Borenstein at UofMich.  It's a several hundred page report that describes 
just about every method known to mankind. 
(http://www-personal.engin.umich.edu/~johannb/ will get you started).

In the APRS world, if you had the "magic locator box", then it could send 
the positions back to the rovers in a properly formatted message. I don't 
know if one has been defined in the APRS spec, but there should be one, 
because this scheme is at least as common in the robotics world as self 
localization.  Semantically, the message would be:  "From: MASTERBOX To: 
W6RMK-15 Payload: Your position is xxxx."  Whether W6RMK-15 reformats and 
repeats it is another story.  Or, whether the message should really be 
"From: MASTERBOX To:BIGWIDEWORLD Payload: W6RMK-15's current position is 
estimated to be xxxxx."  and let the rest of the world sort out who's got 
the best fix on W6RMK-15 (assuming that W6RMK-15 is also sending out it's 
own guess of the location).

3) As to mechanizations...

Assuming you want to use the 144.39 MHz transmission.   With a remarkably 
small number of receiving stations, just using power alone can get you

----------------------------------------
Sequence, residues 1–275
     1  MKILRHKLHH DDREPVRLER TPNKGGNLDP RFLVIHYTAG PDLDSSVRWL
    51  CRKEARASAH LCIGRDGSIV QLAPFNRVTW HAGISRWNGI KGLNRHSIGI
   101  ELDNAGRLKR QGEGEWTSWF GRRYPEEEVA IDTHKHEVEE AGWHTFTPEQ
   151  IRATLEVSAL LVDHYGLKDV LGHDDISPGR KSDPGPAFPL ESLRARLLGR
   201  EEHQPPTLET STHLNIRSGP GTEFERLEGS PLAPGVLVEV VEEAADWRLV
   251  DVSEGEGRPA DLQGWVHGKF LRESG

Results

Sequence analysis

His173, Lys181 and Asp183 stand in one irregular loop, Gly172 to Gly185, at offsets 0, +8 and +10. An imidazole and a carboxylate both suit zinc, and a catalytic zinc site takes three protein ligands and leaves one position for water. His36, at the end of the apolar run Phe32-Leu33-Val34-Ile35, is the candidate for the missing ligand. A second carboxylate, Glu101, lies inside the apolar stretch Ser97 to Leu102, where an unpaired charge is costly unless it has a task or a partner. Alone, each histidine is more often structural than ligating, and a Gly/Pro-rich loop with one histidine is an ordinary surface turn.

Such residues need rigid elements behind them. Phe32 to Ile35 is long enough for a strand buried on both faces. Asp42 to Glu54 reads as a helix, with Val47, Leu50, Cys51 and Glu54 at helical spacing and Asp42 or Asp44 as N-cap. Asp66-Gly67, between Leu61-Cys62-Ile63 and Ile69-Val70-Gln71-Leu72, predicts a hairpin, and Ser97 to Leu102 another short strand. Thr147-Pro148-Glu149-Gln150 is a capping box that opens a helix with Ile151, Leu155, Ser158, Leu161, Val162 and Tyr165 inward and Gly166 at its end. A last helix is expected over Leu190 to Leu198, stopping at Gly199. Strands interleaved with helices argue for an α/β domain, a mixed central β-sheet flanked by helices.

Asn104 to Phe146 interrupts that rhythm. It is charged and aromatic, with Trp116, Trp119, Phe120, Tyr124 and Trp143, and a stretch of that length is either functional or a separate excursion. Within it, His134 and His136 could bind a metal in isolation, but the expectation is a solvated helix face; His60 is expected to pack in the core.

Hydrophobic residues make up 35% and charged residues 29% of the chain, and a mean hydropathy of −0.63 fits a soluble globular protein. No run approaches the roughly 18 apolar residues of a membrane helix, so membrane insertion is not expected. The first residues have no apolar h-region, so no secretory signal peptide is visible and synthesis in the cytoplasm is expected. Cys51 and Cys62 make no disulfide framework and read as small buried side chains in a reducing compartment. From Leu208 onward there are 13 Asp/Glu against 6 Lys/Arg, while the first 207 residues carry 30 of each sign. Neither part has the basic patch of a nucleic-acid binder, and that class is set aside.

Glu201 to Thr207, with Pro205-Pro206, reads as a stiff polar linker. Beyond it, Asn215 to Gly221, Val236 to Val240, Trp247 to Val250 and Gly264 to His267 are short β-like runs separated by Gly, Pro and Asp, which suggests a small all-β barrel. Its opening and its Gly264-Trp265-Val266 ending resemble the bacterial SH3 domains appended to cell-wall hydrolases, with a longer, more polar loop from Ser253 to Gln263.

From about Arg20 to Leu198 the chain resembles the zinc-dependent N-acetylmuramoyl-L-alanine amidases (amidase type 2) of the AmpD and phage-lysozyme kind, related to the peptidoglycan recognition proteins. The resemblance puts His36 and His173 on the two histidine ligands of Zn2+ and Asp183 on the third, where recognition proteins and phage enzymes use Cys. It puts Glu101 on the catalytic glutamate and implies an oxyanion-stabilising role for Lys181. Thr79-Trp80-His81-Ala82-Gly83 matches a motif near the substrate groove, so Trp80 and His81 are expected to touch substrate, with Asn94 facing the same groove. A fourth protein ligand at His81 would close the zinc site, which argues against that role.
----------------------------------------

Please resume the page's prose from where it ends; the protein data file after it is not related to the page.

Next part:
fairly accurate positioning. (especially if all you want to know is which 
room you're in)  Sure, there's multipath, etc., but averaging over a 
reasonable time span (you're not driving at 60 mi/hr, after all) should 
work well.  You can also use some direction of arrival information.  I 
wouldn't use pseudo doppler... use a classical pair of figure 8 patterns 
(Adcock) or 3 antennas with coherent receivers, and do the processing on a 
PC at baseband.

If you've got multiple stations, you can use time of arrival (use the first 
arrival to edit out multipath), which is essentially a fancy phase 
measurement. You need stable oscillators at each station, but that's not 
all that tough these days, and you can transmit a low level continuous cal 
tone as well.

The best strategies use a combination of signal strength, direction of 
arrival, and multiple stations.  There's a lot of work in the acoustic area 
for this kind of thing (if you want to do high quality speech recognition, 
being able to figure out where the speaker(s) is (are) helps a whole lot).